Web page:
Cholesterol measurement and evaluation

The cholesterol content can be determined by a blood test by a specialist. Depending on the evaluation, you will receive either the total, LDL and/or HDL cholesterol value.

Here you can find out in which unit cholesterol is given and what the limit values are.

How are cholesterol levels determined?

If you want to know your cholesterol level, your doctor must take a blood sample. This blood sample is then analyzed in a laboratory and the LDL, HDL and total cholesterol levels are determined. Usually, the cholesterol value is also determined when donating blood.

We recommend that the blood sample is taken on an empty stomach as food affects cholesterol levels. It is also advisable to avoid high-fat food and alcohol for a few days before taking blood.

By determining cholesterol, lipid metabolism disorders can be determined and fat-lowering therapies (medication or diet) can be checked. The measurement also gives an indication of whether there is a risk of arteriosclerosis (circulatory disorders).

How is cholesterol reported?

Cholesterol is typically given in milligrams per deciliter (mg/dl), which is the concentration of cholesterol in one deciliter of blood. In some regions, however, cholesterol is predominantly given in millimoles per liter (mmol/l).

How high should the cholesterol level be?

LDL cholesterol in particular increases the cardiovascular risk. According to the European Society of Cardiology (ESC), a value below 116 mg/dl (3 mmol/l) for LDL cholesterol is low risk of cardiovascular disease. If the overall individual risk of cardiovascular disease is already increased by other factors, a lower value is desirable according to the ESC.

In short, for LDL cholesterol, the lower the better. However, for HDL cholesterol (up to a certain limit), the higher the better.

Cholesterol table

According to the recommendation of the European Society of Cardiology (ESC), the following limit values for cholesterol apply in summary for different risk groups.

risk group total cholesterol LDL HDL
People at low risk < 190 mg/dl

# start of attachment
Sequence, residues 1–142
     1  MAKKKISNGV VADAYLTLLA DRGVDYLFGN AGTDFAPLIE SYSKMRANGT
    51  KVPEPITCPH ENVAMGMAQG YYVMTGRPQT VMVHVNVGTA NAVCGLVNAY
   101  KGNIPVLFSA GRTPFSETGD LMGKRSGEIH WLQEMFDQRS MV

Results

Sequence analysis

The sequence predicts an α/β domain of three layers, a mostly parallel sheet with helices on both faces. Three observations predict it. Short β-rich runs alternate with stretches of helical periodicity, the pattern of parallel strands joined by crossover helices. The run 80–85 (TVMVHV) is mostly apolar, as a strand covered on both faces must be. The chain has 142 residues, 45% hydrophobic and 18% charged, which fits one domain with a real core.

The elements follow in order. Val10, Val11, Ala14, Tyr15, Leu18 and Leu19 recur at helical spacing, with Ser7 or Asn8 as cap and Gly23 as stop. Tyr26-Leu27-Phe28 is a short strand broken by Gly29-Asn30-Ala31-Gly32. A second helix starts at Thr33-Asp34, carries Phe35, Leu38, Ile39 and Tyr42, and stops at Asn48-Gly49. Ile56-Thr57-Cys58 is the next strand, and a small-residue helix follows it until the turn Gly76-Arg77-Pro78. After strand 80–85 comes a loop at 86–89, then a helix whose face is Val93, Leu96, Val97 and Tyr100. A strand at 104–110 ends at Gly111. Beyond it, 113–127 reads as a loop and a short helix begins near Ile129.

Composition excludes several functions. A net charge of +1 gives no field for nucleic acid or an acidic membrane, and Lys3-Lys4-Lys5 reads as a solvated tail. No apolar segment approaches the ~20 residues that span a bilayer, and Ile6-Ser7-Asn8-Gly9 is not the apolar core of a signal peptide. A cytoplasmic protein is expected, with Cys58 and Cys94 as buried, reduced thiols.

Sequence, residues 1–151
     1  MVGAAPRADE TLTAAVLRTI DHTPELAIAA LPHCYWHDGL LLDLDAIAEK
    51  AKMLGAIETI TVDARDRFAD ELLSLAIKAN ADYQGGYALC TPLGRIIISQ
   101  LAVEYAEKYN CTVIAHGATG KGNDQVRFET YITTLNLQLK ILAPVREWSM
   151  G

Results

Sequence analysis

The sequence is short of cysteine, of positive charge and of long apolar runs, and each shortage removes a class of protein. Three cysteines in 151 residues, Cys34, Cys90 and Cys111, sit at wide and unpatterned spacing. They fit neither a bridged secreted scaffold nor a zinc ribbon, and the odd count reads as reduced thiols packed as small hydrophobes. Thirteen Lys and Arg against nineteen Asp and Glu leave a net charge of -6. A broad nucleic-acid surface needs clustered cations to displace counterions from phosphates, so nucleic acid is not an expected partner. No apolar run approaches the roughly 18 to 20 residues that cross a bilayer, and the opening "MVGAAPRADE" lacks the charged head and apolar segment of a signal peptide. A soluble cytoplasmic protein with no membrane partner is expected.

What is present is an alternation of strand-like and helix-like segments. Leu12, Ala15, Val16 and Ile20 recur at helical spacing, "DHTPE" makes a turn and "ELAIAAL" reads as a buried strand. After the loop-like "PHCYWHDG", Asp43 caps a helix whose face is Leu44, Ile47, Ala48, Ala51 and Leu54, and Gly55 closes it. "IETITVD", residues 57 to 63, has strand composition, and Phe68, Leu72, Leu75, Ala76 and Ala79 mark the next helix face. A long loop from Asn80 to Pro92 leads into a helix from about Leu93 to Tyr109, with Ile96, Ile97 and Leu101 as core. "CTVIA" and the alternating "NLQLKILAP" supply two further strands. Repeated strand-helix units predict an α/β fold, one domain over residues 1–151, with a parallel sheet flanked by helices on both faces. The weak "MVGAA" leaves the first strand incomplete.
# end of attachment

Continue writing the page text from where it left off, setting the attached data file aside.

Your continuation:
5 mmol/l
< 116 mg/dl
3 mmol/l
> 40 mg/dl (men), > 48 mg/dl (women)
People at medium risk < 190 mg/dl
5 mmol/l
< 100 mg/dl
2,6 mmol/l
> 40 mg/dl (men), > 48 mg/dl (women)
People at high risk < 190 mg/dl
5 mmol/l
< 70 mg/dl
1,8 mmol/l
> 40 mg/dl (men), > 48 mg/dl (women)
People at very high risk < 180 mg/dl
4,64 mmol/l
< 55 mg/dl
1,4 mmol/l
> 40 mg/dl (men), > 48 mg/dl (women)

The risk group is divided by the ESC according to various criteria. These criteria are summarized in simplified form as follows.

People at medium risk

With a 10-year risk of heart attack or stroke of 1 to 5%.

People at high risk

With a 10-year risk of a heart attack or stroke of 5 to 10%. Both people with congenital familial high cholesterol, moderate kidney weakness, blood pressure values over 180/110 or smokers. The risk is also high if direct relatives have suffered a heart attack or stroke over the age of 60.

People at very high risk

If you have a 10-year risk of heart attack or stroke above 10%. Also applies to people who have already had a heart attack or stroke. If diabetics smoke or also have high blood pressure, there is also a very high risk.

Correct blood pressure measurement

With the right device, you can measure your blood pressure yourself quickly and easily without having to see a doctor.

However, there are a few things you have to consider so that you can really be sure that the measured numbers are reliable. We answer the most common questions about measuring blood pressure.

Learn more

Cholesterol measures and diet

Your lifestyle plays an important role in cholesterol levels. Similar to blood pressure values, a healthy and balanced diet and sufficient exercise can have a positive effect on cholesterol levels.

Learn more